Oscar Niemeyer once said, “It is not the right angle that attracts me, nor the straight, hard, inflexible line created by man. What attracts me is the free and sensual curve, the curve I find in the mountains of my country, the winding course of its rivers, the waves of the sea, the body of the woman of choice.” Brazil’s most famous architect died in 2012, just 10 days short of his 105th birthday, but he left his mark in the architecture of some of Brazil’s largest cities. Three particular buildings in São Paulo’s city center, however, show the architect’s fondness of curves and arches.
The Montreal Building, located opposite the Poupatempo Luz, was Niemeyer’s first building design in São Paulo. The rounded building, which began construction in 1951, stands out among the other smaller structures at the corner of Ipiranga and Cásper Líbero avenues. Here for the first time the architect used louvers (type of blinds) with the purpose of keeping the hot sun out from the apartments while allowing air to circulate. The angles and curves of the building shift in perspective, depending from which side you view the structure. The building’s entrance hall has three large mosaic panels produced by the Brazilian modernist artist Emiliano Di Cavalcanti.
Near Praça da República, the Copan is perhaps Niemeyer’s most famous architectural design in São Paulo. Designed in 1951, its giant wave shape rises among the landscape of Avenida Ipiranga, breaking the right angle patterns of the surrounding structures. The building has 1,160 apartments and is considered the largest residential building in Latin America. It also has a commercial area that occupies the first three of the 38 floors, with 72 stores where old-fashioned barbershops and beauty salons sit side by side with restaurants, coffee houses and even a church. On the terrace, currently closed for renovation, visitors can see one of the most beautiful São Paulo’s skylines in town.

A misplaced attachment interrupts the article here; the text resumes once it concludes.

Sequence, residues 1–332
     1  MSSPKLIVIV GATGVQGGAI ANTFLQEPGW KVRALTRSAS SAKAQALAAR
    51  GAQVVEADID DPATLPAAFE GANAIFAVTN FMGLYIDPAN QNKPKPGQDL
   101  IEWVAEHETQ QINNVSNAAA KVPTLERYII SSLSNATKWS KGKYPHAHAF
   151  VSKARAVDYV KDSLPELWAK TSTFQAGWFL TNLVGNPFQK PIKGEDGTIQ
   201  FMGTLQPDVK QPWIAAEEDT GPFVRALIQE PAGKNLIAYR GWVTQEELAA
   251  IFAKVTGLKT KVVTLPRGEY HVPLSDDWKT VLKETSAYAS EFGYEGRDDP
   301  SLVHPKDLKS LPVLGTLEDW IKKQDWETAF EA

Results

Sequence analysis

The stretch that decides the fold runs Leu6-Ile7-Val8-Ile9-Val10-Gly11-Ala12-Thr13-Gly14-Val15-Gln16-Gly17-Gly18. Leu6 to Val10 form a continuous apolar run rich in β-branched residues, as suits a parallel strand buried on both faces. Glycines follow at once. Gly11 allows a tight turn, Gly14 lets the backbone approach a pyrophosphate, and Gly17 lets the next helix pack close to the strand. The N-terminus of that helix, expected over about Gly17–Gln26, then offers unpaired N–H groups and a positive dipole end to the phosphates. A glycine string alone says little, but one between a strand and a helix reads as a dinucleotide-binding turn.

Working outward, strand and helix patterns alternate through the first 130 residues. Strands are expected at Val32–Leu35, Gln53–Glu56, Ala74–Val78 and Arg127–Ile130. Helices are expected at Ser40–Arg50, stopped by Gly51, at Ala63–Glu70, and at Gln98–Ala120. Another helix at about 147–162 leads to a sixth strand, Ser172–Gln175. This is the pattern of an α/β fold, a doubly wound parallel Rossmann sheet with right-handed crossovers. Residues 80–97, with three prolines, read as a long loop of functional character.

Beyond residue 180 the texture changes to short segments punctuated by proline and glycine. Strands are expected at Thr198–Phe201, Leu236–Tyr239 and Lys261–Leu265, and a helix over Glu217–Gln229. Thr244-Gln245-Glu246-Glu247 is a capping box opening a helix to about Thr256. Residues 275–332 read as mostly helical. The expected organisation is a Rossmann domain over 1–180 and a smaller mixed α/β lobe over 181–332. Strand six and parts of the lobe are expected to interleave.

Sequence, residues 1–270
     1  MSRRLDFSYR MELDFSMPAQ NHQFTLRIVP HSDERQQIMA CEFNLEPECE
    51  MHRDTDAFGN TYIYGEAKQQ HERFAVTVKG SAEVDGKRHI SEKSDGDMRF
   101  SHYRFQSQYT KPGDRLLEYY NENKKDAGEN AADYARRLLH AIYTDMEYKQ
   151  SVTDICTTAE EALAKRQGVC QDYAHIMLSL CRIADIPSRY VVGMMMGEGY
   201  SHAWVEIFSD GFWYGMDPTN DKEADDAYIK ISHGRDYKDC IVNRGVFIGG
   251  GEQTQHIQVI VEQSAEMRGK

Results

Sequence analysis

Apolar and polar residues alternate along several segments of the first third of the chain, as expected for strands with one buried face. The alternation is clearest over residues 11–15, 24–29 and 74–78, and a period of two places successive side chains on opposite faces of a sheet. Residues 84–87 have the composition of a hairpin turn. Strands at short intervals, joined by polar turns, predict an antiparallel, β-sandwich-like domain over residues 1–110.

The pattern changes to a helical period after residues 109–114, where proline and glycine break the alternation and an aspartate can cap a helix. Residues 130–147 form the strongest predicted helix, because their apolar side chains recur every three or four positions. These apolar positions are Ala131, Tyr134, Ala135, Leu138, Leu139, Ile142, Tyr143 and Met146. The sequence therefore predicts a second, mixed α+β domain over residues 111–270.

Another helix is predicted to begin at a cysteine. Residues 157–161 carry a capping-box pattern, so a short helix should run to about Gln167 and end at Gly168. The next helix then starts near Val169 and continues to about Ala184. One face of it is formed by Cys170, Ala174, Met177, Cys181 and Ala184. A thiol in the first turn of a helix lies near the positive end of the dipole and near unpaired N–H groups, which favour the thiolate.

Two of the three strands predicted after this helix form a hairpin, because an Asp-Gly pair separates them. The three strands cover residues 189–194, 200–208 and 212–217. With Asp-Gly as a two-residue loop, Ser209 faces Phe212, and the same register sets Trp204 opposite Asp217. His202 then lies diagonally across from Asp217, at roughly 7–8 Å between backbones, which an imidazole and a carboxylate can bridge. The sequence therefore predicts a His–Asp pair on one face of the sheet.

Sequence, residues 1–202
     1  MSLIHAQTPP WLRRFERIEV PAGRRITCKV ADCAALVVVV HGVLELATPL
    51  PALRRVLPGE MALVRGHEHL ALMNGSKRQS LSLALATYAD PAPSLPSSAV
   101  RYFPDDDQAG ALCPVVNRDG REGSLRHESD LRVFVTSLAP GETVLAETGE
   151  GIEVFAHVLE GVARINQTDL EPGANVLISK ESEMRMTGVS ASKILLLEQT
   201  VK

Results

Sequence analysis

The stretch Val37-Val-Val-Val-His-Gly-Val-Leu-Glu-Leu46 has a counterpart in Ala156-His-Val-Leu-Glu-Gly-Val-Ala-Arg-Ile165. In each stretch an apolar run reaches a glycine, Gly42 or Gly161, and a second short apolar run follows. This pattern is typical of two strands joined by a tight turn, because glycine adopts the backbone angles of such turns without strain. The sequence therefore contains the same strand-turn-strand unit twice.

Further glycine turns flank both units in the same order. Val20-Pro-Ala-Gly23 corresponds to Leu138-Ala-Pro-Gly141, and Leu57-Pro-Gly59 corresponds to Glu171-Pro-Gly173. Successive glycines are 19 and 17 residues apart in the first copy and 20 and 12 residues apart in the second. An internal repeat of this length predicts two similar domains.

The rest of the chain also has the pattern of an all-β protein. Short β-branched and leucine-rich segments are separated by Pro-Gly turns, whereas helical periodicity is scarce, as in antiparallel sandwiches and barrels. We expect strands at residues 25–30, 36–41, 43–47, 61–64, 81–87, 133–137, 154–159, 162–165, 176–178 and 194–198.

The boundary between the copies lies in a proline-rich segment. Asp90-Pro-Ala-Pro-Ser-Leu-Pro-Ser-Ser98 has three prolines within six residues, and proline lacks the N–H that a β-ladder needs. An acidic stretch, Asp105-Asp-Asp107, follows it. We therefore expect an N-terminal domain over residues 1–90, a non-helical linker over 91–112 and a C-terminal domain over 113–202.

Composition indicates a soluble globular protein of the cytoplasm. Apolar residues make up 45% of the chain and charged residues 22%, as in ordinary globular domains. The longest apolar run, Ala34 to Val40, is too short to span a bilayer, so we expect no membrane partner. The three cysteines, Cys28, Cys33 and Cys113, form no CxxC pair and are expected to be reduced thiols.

The Galeria Califórnia building, which has entrances in both Barão de Itapetininga and Dom José de Barros, pedestrian-only streets, was designed by Niemeyer in 1951, and in the 1950s was known as one of the most charming places of São Paulo’s center. Although it does not have Niemeyer’s recognized curved framework, the façade does have curved pillars. As with the Copan, the ground floor is occupied by a retail area, with residential apartments on the floors above. In the lobby there is a mosaic panel by Brazilian painter Cândido Portinari. One of the building’s attractions is the first floor atrium, a courtyard built inside the construction with a garden, trees and benches. Although Niemeyer designed the space to be used as an escape to the center’s noisy atmosphere, today the atrium is closed and only opened to visitors upon request.